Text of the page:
Remember: This type of leak can happen to ANY house if the sillcock is not allowed to drain because a garden hose was left attached.




The best solution is to build the house properly. If an older house has insulation problems, this can be fixed during remodeling. If the work involves removing drywall, then the wall cavities can be insulated properly. As I mentioned earlier, foam insulation can be added to the inside face of the studs, or to the outside walls before siding is replaced, or both. More insulation can be added to the attic, if there is access. These are worthwhile improvements because they also reduce the home's heat loss and therefore reduce the amount of energy needed to heat (and cool) the home.

But major changes are not in everyone's budget. A common solution is to apply electric heat tape around the vulnerable pipes. Some of these products are thermostatically controlled so they only operate when the temperature is cold enough to pose a freeze hazard.


The Simplest Solution:

If a house is known to have a problem with freezing pipes, the simplest solution is to leave the water running when the temperature is cold enough for pipes to freeze. Of course, you must first be aware of this problem, aware of the weather, and actually be home to run the water.

The usual advice is to let the faucet run with a stream of water about the same diameter as a pencil. That's a pretty serious rate of flow. If a house has hot and cold water lines that are vulnerable to freezing, then the stream needs to be warm water. This is a waste of energy, but sometimes that's the only solution available.

This solution works because the water supply is often quite warm. Here in Northern Michigan well water stays about 53 degrees all year around. Even municipal water supplies will stay quite warm (if the pipes are buried deep enough) because the ground doesn't often freeze more than a few feet deep.

But... there are some towns around here with municipal water service that experience wintertime freezing of underground water pipes. The problem is greatest at night because the temperature is coldest and most people are not using any water. The branch lines between the houses and the water main run a serious risk of freezing, so the town's water department will issue a notice telling everyone to leave one cold water faucet running with a pencil-sized stream of water. One town in my area does this almost every year in late winter.



Some people have the notion that wrapping water pipes with insulation will prevent them from freezing. This is not necessarily true. I have seen pipes that were insulated and still managed to freeze. By wrapping pipes with insulation, there is a risk that the pipes will be insulated from the warmth of the house.

The main purpose of pipe insulation is to retain the heat in hot water lines. Insulation also has the benefit of reducing summertime condensation (sweating) on cold water lines.

Use pipe insulation with caution. Insulated pipes that run through a poorly insulated wall or floor cavity still run the risk of freezing. If the water is left running, then the pipe insulation will help retain the warmth of the water, so a smaller trickle of water can be used to prevent freezing.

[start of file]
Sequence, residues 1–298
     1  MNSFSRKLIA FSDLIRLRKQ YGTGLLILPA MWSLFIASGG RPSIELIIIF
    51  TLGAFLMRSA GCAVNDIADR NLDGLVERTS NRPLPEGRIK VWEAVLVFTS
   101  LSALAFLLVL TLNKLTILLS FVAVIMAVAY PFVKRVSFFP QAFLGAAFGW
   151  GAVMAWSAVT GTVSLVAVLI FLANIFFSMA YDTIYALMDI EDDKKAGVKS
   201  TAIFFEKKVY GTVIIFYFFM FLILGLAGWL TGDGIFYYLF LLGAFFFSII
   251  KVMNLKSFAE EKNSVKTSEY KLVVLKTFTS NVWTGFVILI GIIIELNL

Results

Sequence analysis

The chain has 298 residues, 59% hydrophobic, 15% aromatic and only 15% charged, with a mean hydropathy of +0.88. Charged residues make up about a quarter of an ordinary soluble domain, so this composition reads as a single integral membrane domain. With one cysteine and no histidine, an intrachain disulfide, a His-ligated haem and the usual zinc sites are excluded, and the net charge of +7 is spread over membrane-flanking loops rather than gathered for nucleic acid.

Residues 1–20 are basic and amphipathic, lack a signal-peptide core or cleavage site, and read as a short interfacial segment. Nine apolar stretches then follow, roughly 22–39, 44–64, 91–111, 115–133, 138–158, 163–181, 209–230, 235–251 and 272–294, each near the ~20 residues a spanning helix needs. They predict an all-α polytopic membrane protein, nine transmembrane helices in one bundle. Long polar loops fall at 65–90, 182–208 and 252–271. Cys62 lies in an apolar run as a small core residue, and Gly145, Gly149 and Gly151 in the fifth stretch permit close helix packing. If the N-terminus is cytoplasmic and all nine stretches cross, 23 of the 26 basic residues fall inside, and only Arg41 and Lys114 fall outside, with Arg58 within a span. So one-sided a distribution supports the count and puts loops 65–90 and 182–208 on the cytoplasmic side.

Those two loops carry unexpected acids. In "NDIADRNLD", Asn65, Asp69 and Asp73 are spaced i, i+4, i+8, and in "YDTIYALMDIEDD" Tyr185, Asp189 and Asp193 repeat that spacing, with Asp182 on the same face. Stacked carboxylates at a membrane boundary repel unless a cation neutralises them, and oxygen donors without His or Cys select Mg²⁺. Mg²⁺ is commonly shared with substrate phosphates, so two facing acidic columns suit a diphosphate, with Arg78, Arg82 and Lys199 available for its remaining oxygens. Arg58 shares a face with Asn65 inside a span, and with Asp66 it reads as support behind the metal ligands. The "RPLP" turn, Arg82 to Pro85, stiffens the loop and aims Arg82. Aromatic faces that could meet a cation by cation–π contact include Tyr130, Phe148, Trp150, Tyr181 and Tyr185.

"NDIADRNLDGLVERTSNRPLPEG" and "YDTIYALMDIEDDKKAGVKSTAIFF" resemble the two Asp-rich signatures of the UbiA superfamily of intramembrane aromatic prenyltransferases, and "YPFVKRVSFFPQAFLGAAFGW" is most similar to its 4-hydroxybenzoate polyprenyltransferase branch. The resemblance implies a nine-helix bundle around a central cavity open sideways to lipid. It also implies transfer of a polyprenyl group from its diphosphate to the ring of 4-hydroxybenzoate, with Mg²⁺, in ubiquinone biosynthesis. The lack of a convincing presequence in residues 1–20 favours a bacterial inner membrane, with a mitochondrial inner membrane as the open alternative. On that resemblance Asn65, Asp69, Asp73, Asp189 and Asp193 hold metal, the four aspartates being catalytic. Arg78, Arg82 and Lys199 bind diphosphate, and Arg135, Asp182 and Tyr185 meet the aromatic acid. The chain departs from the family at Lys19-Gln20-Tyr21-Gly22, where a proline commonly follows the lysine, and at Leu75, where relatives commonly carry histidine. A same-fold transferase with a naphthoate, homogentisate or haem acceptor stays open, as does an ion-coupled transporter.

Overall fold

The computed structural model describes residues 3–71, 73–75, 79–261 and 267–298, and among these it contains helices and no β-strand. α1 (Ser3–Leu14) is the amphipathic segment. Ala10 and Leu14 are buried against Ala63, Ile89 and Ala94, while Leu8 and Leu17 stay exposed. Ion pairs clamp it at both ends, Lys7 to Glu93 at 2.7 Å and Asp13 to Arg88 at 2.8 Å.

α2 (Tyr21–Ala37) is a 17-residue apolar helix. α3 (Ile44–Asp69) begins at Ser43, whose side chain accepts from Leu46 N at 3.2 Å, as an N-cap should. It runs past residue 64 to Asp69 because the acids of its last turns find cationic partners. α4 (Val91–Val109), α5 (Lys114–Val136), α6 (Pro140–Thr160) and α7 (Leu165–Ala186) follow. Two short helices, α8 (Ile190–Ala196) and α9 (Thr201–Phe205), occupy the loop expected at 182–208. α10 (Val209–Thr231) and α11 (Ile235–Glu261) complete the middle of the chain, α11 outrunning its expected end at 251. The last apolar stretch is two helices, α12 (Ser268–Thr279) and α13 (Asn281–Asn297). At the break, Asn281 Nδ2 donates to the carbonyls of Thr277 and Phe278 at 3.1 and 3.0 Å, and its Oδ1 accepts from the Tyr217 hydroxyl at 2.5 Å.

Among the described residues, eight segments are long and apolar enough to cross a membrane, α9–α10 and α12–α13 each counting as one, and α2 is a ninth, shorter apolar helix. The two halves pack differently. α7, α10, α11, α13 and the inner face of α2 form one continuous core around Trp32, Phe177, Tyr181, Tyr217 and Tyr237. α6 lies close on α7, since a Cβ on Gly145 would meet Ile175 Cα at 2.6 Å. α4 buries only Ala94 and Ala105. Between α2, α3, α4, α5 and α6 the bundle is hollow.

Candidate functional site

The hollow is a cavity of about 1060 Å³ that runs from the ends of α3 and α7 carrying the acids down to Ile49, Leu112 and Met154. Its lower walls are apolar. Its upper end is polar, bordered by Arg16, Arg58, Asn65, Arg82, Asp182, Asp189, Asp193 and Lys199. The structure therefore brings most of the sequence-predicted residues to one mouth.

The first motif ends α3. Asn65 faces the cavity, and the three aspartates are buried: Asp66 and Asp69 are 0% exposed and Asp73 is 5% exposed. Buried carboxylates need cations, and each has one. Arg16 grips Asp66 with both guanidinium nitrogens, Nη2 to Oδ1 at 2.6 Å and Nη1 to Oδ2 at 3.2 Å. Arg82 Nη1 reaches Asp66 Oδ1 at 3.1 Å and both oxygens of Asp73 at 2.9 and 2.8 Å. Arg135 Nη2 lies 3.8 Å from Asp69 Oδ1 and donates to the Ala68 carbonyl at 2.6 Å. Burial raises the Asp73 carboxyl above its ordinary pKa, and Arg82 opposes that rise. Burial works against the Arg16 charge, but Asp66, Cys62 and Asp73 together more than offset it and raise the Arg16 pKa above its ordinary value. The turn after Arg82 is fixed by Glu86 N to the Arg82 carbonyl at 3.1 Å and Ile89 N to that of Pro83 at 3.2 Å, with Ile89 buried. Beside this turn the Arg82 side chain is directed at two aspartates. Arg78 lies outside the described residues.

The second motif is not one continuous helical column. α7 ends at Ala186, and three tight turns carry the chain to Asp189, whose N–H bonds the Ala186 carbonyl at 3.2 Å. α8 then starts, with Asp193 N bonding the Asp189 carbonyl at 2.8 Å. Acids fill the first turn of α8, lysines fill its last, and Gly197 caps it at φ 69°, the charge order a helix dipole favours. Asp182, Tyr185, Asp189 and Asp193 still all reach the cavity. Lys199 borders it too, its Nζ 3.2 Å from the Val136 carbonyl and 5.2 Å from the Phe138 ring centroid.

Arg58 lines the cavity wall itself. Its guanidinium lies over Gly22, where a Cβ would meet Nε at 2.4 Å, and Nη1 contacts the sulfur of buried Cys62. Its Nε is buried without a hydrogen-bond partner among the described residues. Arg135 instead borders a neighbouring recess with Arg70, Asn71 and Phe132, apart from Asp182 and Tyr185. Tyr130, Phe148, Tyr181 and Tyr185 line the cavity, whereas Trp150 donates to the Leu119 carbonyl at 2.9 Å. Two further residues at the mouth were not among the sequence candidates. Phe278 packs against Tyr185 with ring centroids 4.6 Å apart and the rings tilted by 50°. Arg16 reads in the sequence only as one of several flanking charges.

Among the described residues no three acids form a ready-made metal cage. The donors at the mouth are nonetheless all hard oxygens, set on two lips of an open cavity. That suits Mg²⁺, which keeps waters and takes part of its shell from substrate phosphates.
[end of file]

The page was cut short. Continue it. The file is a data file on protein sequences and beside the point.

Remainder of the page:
What If Pipes Freeze But Don't Burst?

When the water inside a supply pipe freezes, it doesn't always damage the pipe. Galvanized steel and some types of plastic pipe are more rupture-resistant than copper.

If it's a cold winter morning and water doesn't come out of a faucet, chances are a pipe is frozen somewhere. Finding the exact frozen area isn't always easy. You might notice frost on the outside of the pipe... that's a sure sign of freezing.

Most people just use a hair dryer to warm up the pipes and wait for water to flow. Of course, you need to leave that dead faucet open so you can hear the water when it begins to flow.

If the pipes are concealed behind walls, floors, or ceilings, then it's a much bigger problem. What can you do?

  • Wait for the weather to warm up.

  • Turn up the heat.

  • Run an electric heater in the space where the suspected freeze point is located.

  • Cut a hole in the wall or ceiling and look around for frosted pipes.

  • Start a remodeling project sooner rather than later.

None of these options are very good. This problem seems to occur mostly in old houses that have not had their insulation updated. Fortunately, most of these older homes have galvanized steel water supply pipes, which is more capable of resisting the extreme pressures generated when pipes freeze.

More Info:

Related Articles:


Do you like this article ?


Navigating HammerZone.com

Project Archives:

Kitchen  |  Bath  |  Electrical  |  Plumbing  |  Framing Roofing  |  Windows
Doors  |  Exteriors  |  Decks  |  Finish Carpentry  |  Flooring  | Workshop

Search Page

Home    What's New    Links    Rants    Contact Us

Before you hurt yourself, read our Disclaimer.

Back To Top Of Page 



Copyright © 2008  HammerZone.com

Written February 19, 2008